Prices have dropped and Americans are buying high definition (HD) TV sets in record numbers. Attracted by the design - a flat screen which can be mounted on a wall - as much as by the technology behind HD, consumers are purchasing HDTV sets like never before. Industry analysts report that, by the end of 2004, about 10 percent of U.S. households had a TV capable of displaying HD programming. As declining prices continue to drive sales, they believe that HDTV is poised to go mainstream in the near future. However, the HD segment is still in its infancy, equipment remains pricey, and the industry displays more than its share of anomalies. If you’re about to join the HD revolution, here are a few points to consider.
Perhaps the biggest surprise among consumers of this new snazzy technology is how few actually use it to watch TV. According to recent reports, a staggering two-thirds of the almost 13 million households with HDTV are not tuning in to HD programs. Most use their HDTVs to watch DVDs. Cost factors - the price of the TV set is often just the beginning of a significant outlay - and lack of HD programming (not all shows are available in HD format) seem to be responsible for this discrepancy.
There are additional costs frequently associated with HD reception, and some consumers just balk at further outlays on top of the $1,000 or more they’ve spent on the TV set. Some decide they are content with a cool-looking TV set that gets a better picture than the traditional analog set, and just don’t go for the extra spending required to enable them to actually watch high-definition TV shows. If you are reviewing the overall costs of HDTV, bear in mind that not all TVs tagged "HD-ready" come completely equipped for HD reception. Some require additional outlay for equipment, including HD tuners, in order to provide HD reception. Also, you might want to find out if you will need to spend more for pay-TV in order to receive HD programs.
HD Gadgets And Programming Lag
The number of HD programs continues to expand, but many shows are not available in HD. Expect this to change in the near future as satellite TV and cable providers try to one up each other by adding more HD shows to their rosters.
Your old analog-compatible VCR and personal video recorders can’t record in HD format. Manufacturers are launching new equipment to work in the HD spectrum. TiVo has a video recorder compatible with DirecTV’s HD broadcasts that can store up to 30 hours of programming, but, like all first generation HD equipment, it’s expensive at about $1,000. Major players in the video game segment are poised to introduce HD versions - Microsoft’s new Xbox will be playable in HD format - and Sony is expected to offer its next version of PlayStation with HD compatibility, too.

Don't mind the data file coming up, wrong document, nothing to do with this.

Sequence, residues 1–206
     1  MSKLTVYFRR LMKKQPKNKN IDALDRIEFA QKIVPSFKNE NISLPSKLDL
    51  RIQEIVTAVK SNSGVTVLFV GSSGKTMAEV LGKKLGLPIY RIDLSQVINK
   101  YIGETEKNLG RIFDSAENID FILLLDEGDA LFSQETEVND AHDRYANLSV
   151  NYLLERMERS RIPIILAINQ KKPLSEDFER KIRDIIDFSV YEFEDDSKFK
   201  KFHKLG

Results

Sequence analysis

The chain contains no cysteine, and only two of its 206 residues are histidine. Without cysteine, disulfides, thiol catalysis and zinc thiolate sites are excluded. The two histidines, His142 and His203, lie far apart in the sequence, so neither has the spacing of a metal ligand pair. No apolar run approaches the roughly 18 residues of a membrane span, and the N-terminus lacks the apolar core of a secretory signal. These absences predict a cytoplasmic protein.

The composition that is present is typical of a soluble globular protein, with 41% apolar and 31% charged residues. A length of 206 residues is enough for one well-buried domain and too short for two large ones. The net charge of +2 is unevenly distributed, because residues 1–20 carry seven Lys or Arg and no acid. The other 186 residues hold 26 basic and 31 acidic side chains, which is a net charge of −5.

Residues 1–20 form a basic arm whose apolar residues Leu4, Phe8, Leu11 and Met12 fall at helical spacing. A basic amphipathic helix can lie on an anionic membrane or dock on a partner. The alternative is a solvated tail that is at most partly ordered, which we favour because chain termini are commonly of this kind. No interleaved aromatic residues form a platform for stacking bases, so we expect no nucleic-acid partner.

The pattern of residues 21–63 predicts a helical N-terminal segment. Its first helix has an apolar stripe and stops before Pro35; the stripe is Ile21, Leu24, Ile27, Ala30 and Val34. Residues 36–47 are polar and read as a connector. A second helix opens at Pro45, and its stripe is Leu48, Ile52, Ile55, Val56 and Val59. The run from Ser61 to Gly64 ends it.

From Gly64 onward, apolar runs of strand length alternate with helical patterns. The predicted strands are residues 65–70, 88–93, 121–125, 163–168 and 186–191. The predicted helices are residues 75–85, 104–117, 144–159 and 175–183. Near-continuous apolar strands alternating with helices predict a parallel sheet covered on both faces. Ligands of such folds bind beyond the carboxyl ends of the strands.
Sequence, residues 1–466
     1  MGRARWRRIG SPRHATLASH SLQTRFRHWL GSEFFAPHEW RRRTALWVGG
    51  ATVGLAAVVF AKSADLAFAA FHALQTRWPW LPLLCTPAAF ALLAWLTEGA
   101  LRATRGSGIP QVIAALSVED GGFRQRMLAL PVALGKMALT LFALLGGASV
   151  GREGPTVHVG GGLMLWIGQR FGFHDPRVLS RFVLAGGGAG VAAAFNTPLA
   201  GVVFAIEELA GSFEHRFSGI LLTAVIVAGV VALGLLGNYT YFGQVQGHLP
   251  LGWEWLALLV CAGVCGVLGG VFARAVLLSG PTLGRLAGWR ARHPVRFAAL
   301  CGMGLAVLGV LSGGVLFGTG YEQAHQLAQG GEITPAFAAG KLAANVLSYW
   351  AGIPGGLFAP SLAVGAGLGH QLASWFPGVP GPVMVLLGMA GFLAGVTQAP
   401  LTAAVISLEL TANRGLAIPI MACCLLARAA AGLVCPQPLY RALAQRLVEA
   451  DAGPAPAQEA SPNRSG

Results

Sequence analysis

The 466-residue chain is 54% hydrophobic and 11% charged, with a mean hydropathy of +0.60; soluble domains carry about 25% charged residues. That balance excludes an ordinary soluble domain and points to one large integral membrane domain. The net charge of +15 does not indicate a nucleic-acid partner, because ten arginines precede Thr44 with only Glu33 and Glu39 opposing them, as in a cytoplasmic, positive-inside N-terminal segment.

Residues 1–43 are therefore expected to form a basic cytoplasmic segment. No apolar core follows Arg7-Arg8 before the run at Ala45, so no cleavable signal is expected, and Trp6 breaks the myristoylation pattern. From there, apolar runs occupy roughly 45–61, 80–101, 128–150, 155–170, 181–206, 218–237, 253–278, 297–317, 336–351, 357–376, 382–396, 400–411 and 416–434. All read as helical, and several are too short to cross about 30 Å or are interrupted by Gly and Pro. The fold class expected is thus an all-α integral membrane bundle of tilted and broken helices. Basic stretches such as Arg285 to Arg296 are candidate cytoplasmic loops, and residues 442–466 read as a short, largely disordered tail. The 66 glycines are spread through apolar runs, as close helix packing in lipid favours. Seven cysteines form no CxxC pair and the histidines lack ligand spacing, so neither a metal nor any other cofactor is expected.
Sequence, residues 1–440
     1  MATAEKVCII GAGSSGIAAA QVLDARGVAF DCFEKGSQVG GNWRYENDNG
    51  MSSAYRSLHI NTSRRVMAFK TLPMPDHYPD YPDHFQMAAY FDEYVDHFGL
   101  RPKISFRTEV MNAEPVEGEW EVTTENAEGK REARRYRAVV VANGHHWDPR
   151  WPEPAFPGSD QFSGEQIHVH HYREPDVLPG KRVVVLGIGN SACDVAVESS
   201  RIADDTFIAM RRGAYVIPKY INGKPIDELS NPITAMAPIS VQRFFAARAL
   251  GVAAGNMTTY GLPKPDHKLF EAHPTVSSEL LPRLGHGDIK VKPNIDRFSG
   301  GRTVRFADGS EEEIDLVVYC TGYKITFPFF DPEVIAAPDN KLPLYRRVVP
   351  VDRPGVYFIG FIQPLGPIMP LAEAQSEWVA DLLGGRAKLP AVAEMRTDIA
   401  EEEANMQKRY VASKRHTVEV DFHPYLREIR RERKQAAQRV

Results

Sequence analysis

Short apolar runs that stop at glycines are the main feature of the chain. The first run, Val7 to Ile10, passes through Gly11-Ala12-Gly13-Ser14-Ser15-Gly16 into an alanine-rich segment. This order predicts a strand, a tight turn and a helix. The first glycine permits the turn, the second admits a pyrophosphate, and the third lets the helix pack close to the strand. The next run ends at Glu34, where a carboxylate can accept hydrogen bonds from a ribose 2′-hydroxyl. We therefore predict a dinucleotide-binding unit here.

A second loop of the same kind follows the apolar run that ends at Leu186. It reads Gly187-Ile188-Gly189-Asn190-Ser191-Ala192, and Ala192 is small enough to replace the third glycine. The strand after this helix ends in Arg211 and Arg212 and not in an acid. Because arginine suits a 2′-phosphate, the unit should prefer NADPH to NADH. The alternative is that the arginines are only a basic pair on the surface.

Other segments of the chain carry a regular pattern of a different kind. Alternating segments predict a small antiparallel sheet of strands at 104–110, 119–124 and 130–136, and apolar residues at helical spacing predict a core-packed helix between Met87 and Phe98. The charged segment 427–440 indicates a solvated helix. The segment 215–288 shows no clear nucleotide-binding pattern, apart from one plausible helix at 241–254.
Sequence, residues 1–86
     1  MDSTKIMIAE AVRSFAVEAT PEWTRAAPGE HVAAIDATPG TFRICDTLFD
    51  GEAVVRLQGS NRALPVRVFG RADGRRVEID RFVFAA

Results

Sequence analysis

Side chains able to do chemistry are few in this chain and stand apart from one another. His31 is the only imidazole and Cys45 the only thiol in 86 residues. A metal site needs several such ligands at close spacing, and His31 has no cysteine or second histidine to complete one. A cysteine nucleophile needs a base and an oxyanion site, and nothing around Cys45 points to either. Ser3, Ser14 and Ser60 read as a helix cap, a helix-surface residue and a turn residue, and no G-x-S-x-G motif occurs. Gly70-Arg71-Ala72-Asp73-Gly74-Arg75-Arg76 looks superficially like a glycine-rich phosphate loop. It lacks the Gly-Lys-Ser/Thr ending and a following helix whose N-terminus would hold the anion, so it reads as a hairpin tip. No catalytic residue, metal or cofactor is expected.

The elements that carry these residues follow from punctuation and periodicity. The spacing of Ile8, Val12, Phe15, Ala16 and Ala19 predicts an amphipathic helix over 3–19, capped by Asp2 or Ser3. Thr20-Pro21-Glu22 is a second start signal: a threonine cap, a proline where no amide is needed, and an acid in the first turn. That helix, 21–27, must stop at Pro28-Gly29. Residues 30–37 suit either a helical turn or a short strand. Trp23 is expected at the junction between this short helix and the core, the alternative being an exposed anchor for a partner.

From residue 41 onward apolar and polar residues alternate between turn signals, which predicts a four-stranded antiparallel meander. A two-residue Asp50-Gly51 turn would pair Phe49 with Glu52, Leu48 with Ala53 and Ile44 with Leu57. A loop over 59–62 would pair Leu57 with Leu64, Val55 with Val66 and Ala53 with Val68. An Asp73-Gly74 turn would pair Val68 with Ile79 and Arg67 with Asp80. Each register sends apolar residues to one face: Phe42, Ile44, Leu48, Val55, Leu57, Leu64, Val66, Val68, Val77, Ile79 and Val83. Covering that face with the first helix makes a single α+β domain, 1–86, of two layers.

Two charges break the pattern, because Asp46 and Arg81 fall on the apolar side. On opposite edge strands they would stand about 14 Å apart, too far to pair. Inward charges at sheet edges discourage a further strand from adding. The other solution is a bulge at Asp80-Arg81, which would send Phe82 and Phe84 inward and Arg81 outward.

Like it or not, HD broadcasting is slated to replace traditional analog signals - soon. The government is keen to see the industry take-off - and for the start-up revenue that will accrue from auctioning off the HD broadcast spectrum. Other players, including broadcasters, manufacturers, and pay-TV industry players have their own agendas. And, not surprisingly, consumers and their advocates don’t want to see traditional analog TV sets rendered inoperable. Balancing these various conflicting interests continues to generate a big debate. Some important deadlines on the countdown to HD have been set - although it is likely they will be revised:
- July 1, 2005 - the Federal Communications Commission (FCC) will begin to require that TVs measuring 36 inches (or more) be sold with digital tuners.
- July 1, 2006 - TVs measuring 25 inches or more must be sold with digital tuners.
- December 31, 2006 - Broadcasters will be required to switch from analog signals to digital broadcasting. There are some exceptions for communities that can’t receive digital transmission.
- July 1, 2007 - The digital tuner requirement will be extended to smaller TV sets and to personal recording equipment.